On a late summer evening in September, Ginny Myers Sain celebrated the launch of her highly anticipated novel “Dark and Shallow Lies” with friends and fans at Philbrook Museum of Art.
It was a fitting location for the Tulsa author’s Magic City Books event. The museum is where Myers Sain works as a guest experience associate. It’s also where she was when her book went to auction in October 2020, meaning more than one publisher wanted it, so they spent a day bidding on it.
“I was actually working at the front desk as the auction was happening, which is probably a Philbrook first,” Myers Sain says. “It was good to be here. I was actually glad. It kept my mind a little bit off of it instead of sitting there and refreshing my email every five seconds.”
Razorbill, an imprint of Penguin Young Readers Group, won the auction for the
Southern Gothic mystery thriller in a two-book deal. Myers Sain says she has submitted the manuscript for her second book, a standalone thriller, slated to publish fall 2022.
“Dark and Shallow Lies” is about a 17-year-old Louisiana girl who spends summers in the “Psychic Capital of the World.” It’s also where her best friend disappeared six months ago.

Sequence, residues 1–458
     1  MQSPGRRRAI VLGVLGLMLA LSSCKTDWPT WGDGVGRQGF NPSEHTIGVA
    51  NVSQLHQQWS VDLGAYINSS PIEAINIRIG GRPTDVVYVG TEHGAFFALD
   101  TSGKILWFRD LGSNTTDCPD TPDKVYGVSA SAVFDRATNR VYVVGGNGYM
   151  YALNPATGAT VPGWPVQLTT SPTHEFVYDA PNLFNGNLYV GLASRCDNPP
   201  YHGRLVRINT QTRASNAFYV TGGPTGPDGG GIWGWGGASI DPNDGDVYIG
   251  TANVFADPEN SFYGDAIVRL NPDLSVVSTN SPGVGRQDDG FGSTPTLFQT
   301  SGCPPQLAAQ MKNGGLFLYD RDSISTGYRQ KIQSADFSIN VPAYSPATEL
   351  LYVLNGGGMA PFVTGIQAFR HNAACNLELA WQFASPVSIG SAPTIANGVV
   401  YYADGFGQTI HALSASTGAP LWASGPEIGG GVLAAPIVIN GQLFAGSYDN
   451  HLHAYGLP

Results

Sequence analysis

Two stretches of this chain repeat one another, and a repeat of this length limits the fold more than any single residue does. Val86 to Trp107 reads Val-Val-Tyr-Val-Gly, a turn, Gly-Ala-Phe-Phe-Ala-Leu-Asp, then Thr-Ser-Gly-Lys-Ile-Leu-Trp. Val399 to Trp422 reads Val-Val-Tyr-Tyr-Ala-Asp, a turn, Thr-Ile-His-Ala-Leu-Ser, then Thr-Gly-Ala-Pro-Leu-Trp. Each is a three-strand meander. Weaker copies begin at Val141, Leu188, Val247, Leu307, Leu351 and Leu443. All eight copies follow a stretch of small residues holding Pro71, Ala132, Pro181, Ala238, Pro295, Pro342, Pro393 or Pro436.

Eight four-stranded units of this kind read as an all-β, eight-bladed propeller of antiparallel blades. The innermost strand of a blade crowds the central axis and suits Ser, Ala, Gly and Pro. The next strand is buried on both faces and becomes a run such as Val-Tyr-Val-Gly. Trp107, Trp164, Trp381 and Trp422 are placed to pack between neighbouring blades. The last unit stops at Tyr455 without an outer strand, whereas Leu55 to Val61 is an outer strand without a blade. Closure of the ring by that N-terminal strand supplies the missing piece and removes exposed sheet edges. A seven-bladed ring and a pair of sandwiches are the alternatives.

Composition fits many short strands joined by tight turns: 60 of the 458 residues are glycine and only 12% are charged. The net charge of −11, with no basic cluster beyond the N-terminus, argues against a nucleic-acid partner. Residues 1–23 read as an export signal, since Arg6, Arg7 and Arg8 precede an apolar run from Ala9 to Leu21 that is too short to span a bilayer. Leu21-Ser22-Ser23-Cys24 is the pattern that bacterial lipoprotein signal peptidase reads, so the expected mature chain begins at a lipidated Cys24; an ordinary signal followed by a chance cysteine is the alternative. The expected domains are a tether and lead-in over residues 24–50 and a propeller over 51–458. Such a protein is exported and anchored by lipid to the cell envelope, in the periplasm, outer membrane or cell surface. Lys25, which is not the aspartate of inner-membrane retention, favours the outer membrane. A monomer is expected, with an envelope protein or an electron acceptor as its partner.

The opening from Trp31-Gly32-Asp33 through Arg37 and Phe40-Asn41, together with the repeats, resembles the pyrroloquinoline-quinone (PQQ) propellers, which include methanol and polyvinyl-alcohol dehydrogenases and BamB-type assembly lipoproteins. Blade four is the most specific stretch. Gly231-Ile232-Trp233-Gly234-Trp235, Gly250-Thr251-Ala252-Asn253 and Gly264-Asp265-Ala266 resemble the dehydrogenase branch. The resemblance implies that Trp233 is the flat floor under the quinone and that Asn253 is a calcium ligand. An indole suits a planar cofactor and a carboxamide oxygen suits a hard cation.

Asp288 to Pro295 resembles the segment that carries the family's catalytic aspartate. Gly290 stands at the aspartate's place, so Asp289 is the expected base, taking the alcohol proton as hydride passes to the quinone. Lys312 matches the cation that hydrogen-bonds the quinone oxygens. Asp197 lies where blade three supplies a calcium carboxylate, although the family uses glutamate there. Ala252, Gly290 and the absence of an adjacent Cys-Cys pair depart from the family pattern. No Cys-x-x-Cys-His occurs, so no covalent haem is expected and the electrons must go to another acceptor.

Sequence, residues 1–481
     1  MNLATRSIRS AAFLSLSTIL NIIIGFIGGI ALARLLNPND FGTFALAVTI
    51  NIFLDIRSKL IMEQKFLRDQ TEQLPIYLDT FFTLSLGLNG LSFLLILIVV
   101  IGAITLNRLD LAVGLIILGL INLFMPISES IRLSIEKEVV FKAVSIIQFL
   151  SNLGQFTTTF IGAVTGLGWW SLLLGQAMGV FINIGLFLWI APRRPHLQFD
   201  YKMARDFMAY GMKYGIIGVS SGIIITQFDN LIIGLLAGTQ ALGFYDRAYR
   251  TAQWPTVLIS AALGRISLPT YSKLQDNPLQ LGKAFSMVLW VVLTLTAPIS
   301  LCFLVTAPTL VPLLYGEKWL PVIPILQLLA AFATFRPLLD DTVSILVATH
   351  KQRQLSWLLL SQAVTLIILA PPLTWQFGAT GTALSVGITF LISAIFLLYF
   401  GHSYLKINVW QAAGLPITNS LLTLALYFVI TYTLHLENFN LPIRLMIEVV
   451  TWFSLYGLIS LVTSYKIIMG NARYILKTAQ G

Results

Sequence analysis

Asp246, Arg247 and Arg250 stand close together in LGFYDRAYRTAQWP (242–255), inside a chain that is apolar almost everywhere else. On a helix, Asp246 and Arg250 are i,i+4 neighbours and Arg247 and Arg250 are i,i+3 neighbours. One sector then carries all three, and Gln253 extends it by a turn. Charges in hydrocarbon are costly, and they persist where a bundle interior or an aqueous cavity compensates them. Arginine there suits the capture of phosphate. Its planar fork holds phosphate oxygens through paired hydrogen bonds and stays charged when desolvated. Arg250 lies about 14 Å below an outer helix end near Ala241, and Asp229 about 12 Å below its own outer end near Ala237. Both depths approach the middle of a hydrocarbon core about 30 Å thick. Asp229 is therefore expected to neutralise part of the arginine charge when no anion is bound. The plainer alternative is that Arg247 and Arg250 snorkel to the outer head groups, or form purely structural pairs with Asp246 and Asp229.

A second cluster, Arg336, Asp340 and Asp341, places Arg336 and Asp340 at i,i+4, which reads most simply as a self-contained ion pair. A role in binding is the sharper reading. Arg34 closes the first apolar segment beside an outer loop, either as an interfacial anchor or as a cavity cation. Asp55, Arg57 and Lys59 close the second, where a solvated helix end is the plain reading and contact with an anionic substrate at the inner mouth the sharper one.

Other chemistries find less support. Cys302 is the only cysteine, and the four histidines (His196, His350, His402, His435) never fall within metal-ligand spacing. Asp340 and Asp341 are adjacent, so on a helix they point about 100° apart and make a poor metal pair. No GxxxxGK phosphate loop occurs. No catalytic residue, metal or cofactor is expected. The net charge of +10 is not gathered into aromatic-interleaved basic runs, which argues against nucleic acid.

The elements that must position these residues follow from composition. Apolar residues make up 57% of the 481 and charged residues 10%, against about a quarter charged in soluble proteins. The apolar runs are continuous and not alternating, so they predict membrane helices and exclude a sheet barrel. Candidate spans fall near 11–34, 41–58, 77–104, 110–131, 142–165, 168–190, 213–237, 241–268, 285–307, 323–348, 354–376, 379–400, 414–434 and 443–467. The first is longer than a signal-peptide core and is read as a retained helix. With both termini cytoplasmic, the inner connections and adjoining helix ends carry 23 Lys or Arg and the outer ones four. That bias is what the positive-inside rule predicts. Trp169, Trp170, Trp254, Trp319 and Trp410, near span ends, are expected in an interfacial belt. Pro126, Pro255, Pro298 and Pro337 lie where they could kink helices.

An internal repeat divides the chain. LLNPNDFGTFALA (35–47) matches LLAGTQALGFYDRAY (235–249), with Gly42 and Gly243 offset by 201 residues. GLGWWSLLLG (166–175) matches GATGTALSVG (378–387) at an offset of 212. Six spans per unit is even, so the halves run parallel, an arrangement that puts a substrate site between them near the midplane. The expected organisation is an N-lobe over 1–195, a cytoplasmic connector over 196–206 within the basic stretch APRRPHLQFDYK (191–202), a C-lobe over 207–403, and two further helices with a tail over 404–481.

Inspiration for the book came to Myers Sain two years ago while vacationing in Florida with her son. They stumbled upon the town of Cassadaga, which bills itself as the “Psychic Capital of the World.”
“I thought it would be a cool place to put a story, but Cassadaga is right on I-4, so it’s very easy to get there. You just hop on and off the interstate,” she says. “I wanted somewhere that was a little more isolated … That’s how we ended up down in the bayou of Louisiana. We didn’t pay for any psychic readings that day, but I did buy some good luck crystals.”
The book received a starred review from Publisher’s Weekly, and it was included in Deep South Magazine’s Summer Reading List, and Barnes and Noble’s most anticipated YA books list. It debuted at No. 2 on the Oklahoma Best Sellers YA list and was named an Amazon Editor’s Pick.
Myers Sain says writing YA was a natural leap from her background in theater, teaching and directing teens. She also comes from a family of writers; her mother is Oklahoma author Anna Myers, who has 20 published novels, and brother Ben Myers was the 2015 Oklahoma State Poet Laureate.
Though the book is shelved in the YA section, Myers Sain says it has crossover appeal for adults.
“It’s not particularly a story for young kids at all, or even young teens,” she says. “It’s really geared more toward older teens, and a lot of adults read YA.”